In the early morning we acted as escort on an aerodrome raid with X Squadron on Z aerodrome nothing particularly exciting happened until we got back to land, a thick ground mist had come up while we were on patrol. I made seven attempts to land but each time just missed hitting hangers and sheds. On my last attempt I saw an S.E. on its back across the railway which boarders the aerodrome. This decided me to land in a field clear of the ground mist. I landed and found the C.O. and Newman had landed in the same field , so we left a guard on the machines and went back to the aerodrome to breakfast, going to fetch our machines when the ground mist had cleared. At lunch time the same day we all went out singly to bomb the bridges at O—- which was then 25miles over the lines. On my first trip I went over under the clouds which were only at 1,000’ by this time nothing eventful happened on the way out. When I was looking for the results of my bombs I saw five fokkers diving on me, being above me I could not climb into the clouds and go back under their cover, so I put my engines full on and my nose slightly down I went back as fast as I could. I out distanced those fokkers in no time. I passed under several groups of huns. These fokkers we heard were the well known Richthofen circus and an exceptionally good crowd as huns go. I had a spell for a quarter of an hour when I got back before going out again. This trip I had to go all the way there in the clouds, because the hun had collected all his anti aircraft defence on our course, and they were giving us a very hard time. The result of this was that I over shot the mark by about seven miles, when I got out of the clouds I could not see any familiar ground, at last I picked up a railway junction which I knew was about seven miles east of P—.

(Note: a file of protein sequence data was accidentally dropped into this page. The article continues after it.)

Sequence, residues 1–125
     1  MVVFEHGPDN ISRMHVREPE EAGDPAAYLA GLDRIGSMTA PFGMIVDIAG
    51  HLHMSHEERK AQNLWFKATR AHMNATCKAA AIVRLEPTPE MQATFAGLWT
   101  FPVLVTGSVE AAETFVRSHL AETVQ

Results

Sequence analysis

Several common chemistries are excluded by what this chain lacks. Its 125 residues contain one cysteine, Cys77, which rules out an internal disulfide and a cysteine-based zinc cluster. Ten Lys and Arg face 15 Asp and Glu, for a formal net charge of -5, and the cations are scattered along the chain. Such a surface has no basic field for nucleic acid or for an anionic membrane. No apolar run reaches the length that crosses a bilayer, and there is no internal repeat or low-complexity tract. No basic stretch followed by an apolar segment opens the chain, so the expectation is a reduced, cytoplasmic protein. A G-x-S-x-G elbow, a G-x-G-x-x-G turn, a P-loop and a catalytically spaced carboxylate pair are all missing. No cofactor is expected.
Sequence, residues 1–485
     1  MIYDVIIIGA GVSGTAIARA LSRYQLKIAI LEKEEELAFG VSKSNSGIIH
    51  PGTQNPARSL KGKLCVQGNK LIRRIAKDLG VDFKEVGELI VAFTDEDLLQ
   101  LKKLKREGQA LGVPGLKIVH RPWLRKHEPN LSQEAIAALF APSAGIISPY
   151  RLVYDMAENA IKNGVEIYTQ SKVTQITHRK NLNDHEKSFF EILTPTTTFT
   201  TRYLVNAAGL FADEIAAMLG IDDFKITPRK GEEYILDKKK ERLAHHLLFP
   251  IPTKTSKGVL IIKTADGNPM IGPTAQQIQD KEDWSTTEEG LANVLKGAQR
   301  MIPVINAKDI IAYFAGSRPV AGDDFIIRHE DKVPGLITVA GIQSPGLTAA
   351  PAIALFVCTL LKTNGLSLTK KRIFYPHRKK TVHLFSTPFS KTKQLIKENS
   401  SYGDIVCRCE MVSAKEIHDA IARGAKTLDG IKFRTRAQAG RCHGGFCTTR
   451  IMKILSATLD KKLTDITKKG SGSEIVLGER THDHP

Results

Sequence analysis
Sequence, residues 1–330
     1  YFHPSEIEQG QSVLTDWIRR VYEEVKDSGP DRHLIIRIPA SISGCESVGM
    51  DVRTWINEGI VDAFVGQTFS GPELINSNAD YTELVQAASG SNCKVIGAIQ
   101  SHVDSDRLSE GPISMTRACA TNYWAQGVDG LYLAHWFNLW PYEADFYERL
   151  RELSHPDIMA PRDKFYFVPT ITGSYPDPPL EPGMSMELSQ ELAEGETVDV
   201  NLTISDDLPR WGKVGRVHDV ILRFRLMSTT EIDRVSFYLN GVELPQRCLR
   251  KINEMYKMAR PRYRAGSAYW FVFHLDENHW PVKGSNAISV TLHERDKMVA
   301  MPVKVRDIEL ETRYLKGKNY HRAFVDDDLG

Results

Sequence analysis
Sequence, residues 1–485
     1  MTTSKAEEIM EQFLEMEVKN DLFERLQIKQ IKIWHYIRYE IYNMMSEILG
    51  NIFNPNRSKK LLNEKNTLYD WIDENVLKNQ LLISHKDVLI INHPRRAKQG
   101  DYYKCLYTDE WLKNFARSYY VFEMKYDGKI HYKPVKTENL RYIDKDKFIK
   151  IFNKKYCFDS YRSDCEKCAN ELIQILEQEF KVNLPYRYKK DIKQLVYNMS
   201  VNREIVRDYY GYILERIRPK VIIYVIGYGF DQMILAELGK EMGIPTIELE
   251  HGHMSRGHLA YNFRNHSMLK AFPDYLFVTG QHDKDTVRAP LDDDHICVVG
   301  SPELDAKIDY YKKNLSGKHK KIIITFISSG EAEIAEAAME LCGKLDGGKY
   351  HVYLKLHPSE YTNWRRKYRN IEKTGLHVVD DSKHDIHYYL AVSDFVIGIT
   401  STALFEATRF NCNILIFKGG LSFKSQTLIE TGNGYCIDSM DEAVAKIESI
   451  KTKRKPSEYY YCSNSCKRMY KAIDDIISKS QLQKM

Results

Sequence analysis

I had just turned west to re-trace my steps when two huns, one triplane and a fokker came out of the clouds on top of me. As they came out I zoomed up into it, however they saw me, because when I came out of the clouds about three miles further on they both opened fire at me. I decided to go up into the clouds again. The next time I came out of the clouds was over P— where I dropped my bombs, only too glad to get rid of them, because I could not fight with bombs on.
I flew west for about ten miles then turned around in the clouds and doubled back on my tracks, intending to come out behind the huns and have a smack at them, however I did not go back far enough, because when I came out one of them was in front of me but the other was behind me so once again I had to take refuge in the clouds. I flew west for another two or three minutes when I ran into a clear patch in the clouds. Here there was no cover so I had to scrap them I started circling round the triplanes, this being the most dangerous machines the fokker pilot was useless. Between them they should have polished me off quite easily, however the next batch of clouds had drifted up so I again flew west.
I flew west until I thought I must be over our side of the lines, but my calculating was wrong, as I came out the plane stalled up at me and got a good burst in, he got a bullet through my bottom right hand longeron and another into my seat, and an explosive bullet under my engine. I went beck into the clouds, the next time I came out was over A— well over our side of the lines. I changed my course to north and got back to the aerodrome. My machine was a complete write off I was sorry to loose it that way. Having done over 180 hours war flying on it and not having broken anything. It was particularly hard lines because they had decided to give me a new machine that day however that machine still holds the record for time flown on active service. I had not to do any more trips that day and I was not particularly sorry. I had quite enough.